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What It's Like to Live in Naples, Florida

Naples, Florida, and the nearby communities of Marco Island and Immokalee top the Gallup-Healthways State of American Well-Being: 2015 Community Rankings list released on Tuesday. The report measures how residents of 190 U.S. cities feel about their physical health, social ties, financial security, community and sense of purpose.

Naples, it seems, isn’t often found by design. People tend to come to it serendipitously: Newcomers are often introduced during a getaway from Florida’s other coast or while visiting friends. Naples quietly works her magic, revealing a lifestyle that’s slower paced than, say, Miami or Fort Lauderdale, but just as glamorous and vibrant. The city’s Gulf of Mexico backdrop mesmerizes, and with its small-town attitude and big-league amenities it offers the best of both worlds.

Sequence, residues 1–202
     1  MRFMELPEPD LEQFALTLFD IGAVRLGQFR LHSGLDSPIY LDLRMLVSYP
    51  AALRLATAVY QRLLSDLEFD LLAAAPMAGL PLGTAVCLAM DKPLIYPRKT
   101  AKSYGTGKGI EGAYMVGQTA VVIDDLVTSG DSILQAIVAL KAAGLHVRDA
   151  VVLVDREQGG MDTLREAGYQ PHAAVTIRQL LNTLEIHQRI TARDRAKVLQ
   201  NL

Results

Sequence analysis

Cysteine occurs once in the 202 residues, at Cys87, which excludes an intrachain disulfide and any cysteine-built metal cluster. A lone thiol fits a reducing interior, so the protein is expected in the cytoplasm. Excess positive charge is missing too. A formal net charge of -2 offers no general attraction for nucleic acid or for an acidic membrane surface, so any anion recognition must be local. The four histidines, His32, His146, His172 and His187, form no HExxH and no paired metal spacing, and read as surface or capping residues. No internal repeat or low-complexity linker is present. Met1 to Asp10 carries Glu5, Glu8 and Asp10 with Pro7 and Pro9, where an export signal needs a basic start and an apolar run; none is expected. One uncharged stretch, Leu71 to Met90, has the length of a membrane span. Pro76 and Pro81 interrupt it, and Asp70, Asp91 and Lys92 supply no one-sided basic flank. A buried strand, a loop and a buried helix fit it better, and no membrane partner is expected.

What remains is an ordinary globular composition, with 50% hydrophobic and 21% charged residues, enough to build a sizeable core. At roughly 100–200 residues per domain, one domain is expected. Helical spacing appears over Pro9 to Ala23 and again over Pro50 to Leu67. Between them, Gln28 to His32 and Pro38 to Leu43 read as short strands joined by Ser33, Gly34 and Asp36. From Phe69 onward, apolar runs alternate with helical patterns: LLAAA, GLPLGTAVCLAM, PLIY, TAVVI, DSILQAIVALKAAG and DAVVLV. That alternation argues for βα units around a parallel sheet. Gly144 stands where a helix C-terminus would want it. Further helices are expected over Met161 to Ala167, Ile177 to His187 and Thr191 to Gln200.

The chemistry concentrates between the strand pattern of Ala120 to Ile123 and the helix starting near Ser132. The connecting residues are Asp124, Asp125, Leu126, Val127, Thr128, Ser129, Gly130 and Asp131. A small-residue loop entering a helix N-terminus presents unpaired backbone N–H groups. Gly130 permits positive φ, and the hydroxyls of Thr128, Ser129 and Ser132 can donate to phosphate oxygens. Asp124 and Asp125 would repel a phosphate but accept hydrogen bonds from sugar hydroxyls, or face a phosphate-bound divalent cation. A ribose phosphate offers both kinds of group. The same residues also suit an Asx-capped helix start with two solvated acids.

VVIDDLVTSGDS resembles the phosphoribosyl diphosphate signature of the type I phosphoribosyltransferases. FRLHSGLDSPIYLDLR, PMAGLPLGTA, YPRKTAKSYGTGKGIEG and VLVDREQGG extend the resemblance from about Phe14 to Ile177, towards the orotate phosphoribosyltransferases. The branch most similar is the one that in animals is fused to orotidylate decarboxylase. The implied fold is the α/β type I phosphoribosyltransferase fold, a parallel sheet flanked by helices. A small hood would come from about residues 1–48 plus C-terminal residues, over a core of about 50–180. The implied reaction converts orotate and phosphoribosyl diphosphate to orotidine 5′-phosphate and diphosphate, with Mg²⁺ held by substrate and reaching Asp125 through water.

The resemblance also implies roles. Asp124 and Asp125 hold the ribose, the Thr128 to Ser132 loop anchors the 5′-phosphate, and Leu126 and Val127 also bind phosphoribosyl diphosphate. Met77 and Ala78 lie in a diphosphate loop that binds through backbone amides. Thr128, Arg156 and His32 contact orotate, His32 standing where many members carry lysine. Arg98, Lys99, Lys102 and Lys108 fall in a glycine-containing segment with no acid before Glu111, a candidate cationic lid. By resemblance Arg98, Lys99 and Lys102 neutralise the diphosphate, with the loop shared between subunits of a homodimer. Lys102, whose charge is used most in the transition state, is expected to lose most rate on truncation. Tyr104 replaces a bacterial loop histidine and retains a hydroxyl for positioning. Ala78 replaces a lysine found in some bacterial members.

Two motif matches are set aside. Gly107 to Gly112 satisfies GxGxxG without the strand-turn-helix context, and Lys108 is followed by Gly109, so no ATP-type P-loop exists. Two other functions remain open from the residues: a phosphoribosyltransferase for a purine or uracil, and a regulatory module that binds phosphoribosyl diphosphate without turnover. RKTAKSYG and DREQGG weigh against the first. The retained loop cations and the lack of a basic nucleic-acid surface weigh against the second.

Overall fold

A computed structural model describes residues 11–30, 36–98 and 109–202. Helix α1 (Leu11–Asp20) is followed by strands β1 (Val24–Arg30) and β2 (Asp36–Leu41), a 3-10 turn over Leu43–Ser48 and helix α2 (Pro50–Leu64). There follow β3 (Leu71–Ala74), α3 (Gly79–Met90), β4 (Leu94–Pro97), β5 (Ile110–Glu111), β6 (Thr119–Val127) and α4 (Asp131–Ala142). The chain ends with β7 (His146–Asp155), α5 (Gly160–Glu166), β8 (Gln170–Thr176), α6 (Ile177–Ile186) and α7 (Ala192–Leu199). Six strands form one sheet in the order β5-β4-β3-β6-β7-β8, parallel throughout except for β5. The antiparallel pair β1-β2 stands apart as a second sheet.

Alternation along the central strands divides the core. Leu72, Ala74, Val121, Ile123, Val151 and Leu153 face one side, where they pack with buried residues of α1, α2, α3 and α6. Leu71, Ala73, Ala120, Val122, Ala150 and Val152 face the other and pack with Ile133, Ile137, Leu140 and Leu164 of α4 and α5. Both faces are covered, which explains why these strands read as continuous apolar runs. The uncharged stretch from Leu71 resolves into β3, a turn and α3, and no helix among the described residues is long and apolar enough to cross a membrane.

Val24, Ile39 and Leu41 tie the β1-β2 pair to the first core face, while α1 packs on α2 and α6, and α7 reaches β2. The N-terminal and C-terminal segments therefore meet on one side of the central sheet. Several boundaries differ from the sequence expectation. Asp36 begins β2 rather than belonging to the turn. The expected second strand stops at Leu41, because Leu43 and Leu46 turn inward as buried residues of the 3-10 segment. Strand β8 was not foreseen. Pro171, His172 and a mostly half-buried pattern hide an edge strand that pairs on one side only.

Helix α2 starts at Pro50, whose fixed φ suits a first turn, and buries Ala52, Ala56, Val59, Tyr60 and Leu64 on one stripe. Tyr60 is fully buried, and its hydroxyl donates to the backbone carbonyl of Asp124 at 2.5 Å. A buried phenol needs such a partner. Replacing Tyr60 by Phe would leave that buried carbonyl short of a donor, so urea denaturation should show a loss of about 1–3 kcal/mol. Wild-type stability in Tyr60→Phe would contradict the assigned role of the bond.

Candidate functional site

The Ritz, which opened in 1985, is often credited with giving Naples its luster. Its founders saw Naples as a little town on the verge of greatness, close to a brand-new international airport in Fort Myers and positioned along the newly completed Interstate 75, connecting Michigan’s Canadian border all the way to Miami. The resort became a classic build-it-and-they-will-come success story. Other luxury properties followed, as did business and leisurely pursuits catering to the well-to-do: golf courses, gourmet restaurants, high-end boutiques at Waterside Shops and the Venetian Village, and the arrival of famed city planner Andres Duany from Miami, who in 1996 redesigned Fifth avenue South, Naples’ downtown.

Today, international house hunters are among the many buyers taking full advantage of favorable currency exchange rates and home prices that have dropped 50 percent since their 2005 peak. 

Naples’ most coveted neighborhoods are west of U.S. Highway 41, placing them between the major traffic corridor and the Gulf. Older communities like the Moorings and Coquina Sands offer 1970s and newer single-family homes along banyan-tree-shaded streets, and many access the Gulf via canals and back bays.

Food is a big part of the Naples lifestyle, and the wine festival has also introduced many chefs and vintners to this Gulf city.

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